The Irish Independent reports that Taoiseach Brian Cowen will have to sack two senior and two junior ministers if he accepts proposed public sector cuts.
The chairman of the so-called An Bord Snip Nua, Colm McCarthy, is recommending that Mr Cowen "review" the entire operation of the Department of Arts, Sport and Tourism and the Department of Community, Rural and Gaeltacht Affairs.
It would mean Mr Cowen would have to sack Arts Minister Martin Cullen and Gaeltacht Affairs Minister Eamon O Cuiv, as well as their junior ministers Martin Mansergh and John Curran.
A government source said Mr McCarthy's agency would "advise of the need for a review of the whole departments and how they operate and the rationale for keeping them in their present format or for keeping them at all".
If the Government decides to split the departments and transfer their responsibilities to some of the other 13 departments, it would leave Mr Cullen and Mr O Cuiv without a key ministerial position.
If Mr Cowen accepts the recommendations, it will have huge ramifications within his own party.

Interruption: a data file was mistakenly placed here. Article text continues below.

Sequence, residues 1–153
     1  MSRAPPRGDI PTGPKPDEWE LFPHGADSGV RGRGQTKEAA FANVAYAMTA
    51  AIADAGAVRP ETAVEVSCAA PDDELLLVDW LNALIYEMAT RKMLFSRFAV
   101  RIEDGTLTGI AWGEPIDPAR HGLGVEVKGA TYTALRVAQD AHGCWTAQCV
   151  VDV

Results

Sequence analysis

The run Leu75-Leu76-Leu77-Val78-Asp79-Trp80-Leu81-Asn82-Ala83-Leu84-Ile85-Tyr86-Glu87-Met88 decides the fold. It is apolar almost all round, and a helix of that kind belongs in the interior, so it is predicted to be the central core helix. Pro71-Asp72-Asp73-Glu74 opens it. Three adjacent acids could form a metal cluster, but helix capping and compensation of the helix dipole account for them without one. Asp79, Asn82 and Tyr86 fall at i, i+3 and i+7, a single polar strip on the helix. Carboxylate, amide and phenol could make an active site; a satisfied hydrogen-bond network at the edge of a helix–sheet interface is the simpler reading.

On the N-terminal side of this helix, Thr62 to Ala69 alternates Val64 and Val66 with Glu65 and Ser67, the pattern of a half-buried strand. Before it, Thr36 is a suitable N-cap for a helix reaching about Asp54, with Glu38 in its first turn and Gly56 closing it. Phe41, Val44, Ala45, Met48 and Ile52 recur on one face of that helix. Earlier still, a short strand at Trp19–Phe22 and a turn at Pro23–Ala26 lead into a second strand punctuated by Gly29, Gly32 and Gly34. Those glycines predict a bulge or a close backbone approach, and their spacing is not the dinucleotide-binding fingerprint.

But if he doesn't, it will be seen as portraying a lack of political courage to take tough action as the cost of the public service escalates.
The Government will consider the radical proposal as it battles to keep a lid on public sector pay.
New figures published by the Central Statistics Office yesterday confirmed the average weekly earnings in the public sector (excluding health) rose by 3.4pc in the 12 months to March despite the worst recession in living memory. This compares to a rise of 3.2pc in the year to December.
Average weekly earnings in the public sector here rose by 12.2pc from March 2006 to March 2009, making Irish civil servants among the highest paid in the EU.
The proposed overhaul of departments would also facilitate a Cabinet reshuffle, which Mr Cowen had already pencilled in for the autumn.
Mr O Cuiv's department could be replaced by a new Department of Culture, which would take responsibility for some aspects of arts and sport, with tourism tipped to transfer to the Department of Enterprise.
That would leave Mr Cullen without a portfolio, unless Mr Cowen decided to switch him to a new department as part of a general reshuffle.
It has also been widely speculated that Tanaiste and Enterprise Minister Mary Coughlan will face demotion in the wake of widespread criticism of her performance.
Her department could also be reshaped, with some of its responsibilities going to a new department focusing on labour and employment.